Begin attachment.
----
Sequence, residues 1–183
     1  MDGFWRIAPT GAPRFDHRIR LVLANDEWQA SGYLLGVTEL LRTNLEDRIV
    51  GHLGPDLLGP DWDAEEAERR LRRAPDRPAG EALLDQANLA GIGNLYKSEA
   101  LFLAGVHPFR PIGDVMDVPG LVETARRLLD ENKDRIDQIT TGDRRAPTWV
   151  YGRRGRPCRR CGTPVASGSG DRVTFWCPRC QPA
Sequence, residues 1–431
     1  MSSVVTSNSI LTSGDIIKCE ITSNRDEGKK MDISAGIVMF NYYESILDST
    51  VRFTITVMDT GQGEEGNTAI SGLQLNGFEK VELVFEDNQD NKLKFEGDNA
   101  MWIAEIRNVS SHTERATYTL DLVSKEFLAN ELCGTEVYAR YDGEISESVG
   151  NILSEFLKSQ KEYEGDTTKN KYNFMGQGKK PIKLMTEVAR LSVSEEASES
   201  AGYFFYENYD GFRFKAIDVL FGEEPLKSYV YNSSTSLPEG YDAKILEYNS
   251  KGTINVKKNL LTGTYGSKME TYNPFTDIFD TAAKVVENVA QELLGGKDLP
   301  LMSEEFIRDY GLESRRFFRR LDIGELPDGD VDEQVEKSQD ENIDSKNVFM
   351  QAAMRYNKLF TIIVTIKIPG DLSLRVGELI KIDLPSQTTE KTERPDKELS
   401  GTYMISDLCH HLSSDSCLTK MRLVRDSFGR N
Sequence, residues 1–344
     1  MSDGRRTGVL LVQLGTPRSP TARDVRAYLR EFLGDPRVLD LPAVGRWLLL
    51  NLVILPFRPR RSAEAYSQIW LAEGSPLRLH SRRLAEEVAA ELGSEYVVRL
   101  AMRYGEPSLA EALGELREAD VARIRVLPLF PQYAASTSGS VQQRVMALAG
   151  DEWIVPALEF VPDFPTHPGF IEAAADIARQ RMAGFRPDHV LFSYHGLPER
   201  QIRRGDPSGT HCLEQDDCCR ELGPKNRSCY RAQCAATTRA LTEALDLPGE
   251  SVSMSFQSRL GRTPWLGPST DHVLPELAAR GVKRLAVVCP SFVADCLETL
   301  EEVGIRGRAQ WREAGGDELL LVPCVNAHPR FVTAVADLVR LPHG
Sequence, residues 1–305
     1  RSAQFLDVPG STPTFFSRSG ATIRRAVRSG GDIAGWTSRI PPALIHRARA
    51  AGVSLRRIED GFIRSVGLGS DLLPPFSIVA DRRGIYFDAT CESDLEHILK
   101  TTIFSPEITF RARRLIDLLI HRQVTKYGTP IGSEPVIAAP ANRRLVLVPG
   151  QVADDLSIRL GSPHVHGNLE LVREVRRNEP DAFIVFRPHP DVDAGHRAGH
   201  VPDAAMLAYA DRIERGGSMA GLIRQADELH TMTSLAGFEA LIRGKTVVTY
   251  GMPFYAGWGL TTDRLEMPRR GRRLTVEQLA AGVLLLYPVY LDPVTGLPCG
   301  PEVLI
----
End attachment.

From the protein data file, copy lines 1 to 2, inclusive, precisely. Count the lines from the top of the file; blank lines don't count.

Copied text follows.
Sequence, residues 1–183
     1  MDGFWRIAPT GAPRFDHRIR LVLANDEWQA SGYLLGVTEL LRTNLEDRIV